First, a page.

A week ago, Global TV made a big (and bad, and wrong, and unfair) decision to cancel Remedy after the second season that ended on May 10 with an awesome two-part finale that blew everyone’s minds. It came as a surprise to both the fans of the show and, I believe, everyone involved in making it. Sadly, the production of a TV show is a complicated process. Knowing that, however, does not make accepting the ‘loss’ of an exceptional series any less painful.
I refuse to believe that the viewer ratings dropped THAT low compared to the first season. And come on! The rating system widely used in both Canada and the US, and quite possibly all over the world, to assess the popularity of the TV shows is ridiculous. Based on the preferences of ‘selected’ households (selected how, exactly?), this information is literally pointless. They don’t – although they absolutely must – take into account the DVRed programs and online viewings. TV networks should consider the fact that not everyone is able to watch something live for a number of reasons – from working at this particular hour to living in a different time zone to not having a certain TV channel. None of these factors makes people any less dedicated to certain TV series. Yet, they remain invisible.
So, why should Remedy have been renewed?
1. IT WAS THE BEST! Definitely THE best on Canadian TV and one of the best TV shows in general. I hope I have the right to say that on account of watching if not EVERYTHING everything, but at least enough to tell the good shows from the bad ones. In fact, looking at the renewed vs cancelled lists this year, I can’t help but wonder about how these decisions are made. Cancellation of Remedy makes no sense whatsoever. The second season of the show was just as good as the first one, if not better, what with the artistic approach to the ensemble cast and complex storylines.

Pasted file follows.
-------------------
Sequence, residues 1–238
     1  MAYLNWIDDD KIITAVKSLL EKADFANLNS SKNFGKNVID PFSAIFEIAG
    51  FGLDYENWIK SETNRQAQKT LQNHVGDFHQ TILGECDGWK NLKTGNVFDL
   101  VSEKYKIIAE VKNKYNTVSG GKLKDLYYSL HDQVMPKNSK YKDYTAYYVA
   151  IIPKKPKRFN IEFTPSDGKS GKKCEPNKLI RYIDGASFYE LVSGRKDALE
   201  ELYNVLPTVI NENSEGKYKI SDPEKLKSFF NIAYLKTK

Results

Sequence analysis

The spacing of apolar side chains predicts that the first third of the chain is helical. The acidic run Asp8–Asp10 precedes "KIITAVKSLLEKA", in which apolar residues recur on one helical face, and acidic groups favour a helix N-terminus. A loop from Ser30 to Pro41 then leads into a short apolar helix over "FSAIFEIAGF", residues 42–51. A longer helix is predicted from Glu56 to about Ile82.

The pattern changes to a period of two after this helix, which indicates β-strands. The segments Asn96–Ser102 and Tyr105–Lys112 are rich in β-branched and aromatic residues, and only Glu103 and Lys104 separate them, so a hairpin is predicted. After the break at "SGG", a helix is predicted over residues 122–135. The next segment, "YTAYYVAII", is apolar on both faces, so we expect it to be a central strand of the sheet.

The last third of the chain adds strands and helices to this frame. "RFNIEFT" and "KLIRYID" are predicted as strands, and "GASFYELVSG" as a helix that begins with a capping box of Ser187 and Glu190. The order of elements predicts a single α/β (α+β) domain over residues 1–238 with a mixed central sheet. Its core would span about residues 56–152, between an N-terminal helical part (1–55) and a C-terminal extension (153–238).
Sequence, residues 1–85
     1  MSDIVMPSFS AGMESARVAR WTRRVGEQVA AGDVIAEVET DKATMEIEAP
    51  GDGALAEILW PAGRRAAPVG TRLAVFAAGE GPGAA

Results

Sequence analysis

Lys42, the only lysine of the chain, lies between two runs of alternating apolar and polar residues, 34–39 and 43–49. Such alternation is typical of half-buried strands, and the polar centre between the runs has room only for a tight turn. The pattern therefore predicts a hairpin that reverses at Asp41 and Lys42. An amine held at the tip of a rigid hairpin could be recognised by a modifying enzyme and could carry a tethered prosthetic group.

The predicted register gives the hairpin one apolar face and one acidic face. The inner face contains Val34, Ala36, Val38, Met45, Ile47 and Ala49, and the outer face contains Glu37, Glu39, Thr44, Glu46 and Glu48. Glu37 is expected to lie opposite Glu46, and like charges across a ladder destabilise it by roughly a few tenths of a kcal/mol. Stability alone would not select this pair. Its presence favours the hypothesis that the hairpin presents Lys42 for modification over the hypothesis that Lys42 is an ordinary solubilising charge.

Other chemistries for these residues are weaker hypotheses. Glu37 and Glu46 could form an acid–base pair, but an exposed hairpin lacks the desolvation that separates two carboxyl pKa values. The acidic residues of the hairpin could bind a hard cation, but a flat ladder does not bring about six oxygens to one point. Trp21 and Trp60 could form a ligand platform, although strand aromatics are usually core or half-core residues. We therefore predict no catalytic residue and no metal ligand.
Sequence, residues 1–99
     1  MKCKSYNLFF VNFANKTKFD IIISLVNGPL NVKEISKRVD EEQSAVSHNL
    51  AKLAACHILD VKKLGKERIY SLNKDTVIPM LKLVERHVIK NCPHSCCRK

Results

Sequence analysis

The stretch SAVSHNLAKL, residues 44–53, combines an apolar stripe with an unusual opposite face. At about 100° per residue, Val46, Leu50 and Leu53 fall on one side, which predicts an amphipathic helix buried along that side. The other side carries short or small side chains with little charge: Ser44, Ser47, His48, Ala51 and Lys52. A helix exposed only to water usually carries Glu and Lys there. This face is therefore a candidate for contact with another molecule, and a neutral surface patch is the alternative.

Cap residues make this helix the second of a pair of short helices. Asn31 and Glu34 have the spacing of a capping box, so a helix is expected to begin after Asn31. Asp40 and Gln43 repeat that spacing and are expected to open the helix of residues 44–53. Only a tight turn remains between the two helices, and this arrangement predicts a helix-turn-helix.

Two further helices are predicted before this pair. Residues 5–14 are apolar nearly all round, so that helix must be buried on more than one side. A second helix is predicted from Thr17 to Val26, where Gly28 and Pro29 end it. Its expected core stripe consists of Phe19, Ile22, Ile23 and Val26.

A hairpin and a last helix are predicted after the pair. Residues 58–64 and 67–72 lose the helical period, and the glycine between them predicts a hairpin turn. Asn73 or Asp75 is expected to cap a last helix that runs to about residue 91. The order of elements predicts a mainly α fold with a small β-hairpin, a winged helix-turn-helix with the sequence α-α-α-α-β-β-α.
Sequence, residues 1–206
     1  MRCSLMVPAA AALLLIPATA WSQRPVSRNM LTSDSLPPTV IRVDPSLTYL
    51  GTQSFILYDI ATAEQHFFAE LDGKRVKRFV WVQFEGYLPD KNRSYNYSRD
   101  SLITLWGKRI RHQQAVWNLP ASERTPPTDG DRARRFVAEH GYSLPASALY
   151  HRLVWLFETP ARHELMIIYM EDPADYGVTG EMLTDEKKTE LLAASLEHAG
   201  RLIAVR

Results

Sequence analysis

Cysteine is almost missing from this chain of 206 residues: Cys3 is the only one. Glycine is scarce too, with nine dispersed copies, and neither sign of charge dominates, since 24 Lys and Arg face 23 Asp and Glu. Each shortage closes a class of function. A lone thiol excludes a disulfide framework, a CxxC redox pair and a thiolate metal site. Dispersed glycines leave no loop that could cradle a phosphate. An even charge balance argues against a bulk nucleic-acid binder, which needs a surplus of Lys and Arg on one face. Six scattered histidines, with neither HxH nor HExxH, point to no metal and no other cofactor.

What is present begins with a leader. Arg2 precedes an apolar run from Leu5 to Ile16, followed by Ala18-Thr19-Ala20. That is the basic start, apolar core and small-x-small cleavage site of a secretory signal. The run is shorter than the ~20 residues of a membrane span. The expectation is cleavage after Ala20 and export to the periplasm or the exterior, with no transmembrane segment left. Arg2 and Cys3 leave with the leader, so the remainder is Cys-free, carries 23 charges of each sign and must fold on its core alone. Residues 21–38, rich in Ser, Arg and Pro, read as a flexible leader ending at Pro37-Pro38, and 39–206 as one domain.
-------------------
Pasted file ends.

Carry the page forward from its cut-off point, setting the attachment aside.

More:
2. Economic value. No matter how you look at it, I’m sure that having your own solid TV show is better than simply airing the American ones. The benefits are numerous for both the network (showing its commitment to the Canadian market and audience) and the industry. The Canadian film industry already took a hit when the production tax credit was changed in BC a couple of years back (although thankfully it seems to be getting better these days), and then once again earlier this year when the same thing happened to Nova Scotia. So why on Earth wouldn’t Global want to support one of its best TV series?
3. The writing. I can’t even begin to comprehend the amount of work and research that went into creating each and every single one of the 20 episodes of Remedy that we saw. And that’s just the tip of the iceberg. The dialogue was brilliant – both succinct and informative and peppered with a healthy amount of humour. And don’t get me started on the downright genius ‘traumas of the week’. This kind of creativity should never be wasted! (And yet, here we are.)
4. The characters. As in, diverse, interesting, memorable, and different characters that never felt like just one person but with different hairdos. The networks don’t always understand what a big deal it is when the TV characters actually have personalities – all of them, and not just 2 or 3 out of 15. The Conners felt like the real family – a family with the backstory and collective memories and the differences that they were all trying to adjust to. And then there was also Zoe, and Frank Kanaskie, and Jerry Gordon, and Sam Guerra, and Peter Cutler, and Bruno (to name a few). I understand that Global must have had serious reasons to do what they did. But have they seen what’s happening on TV right now? Do they know how rare it is for a TV show to be believable and real?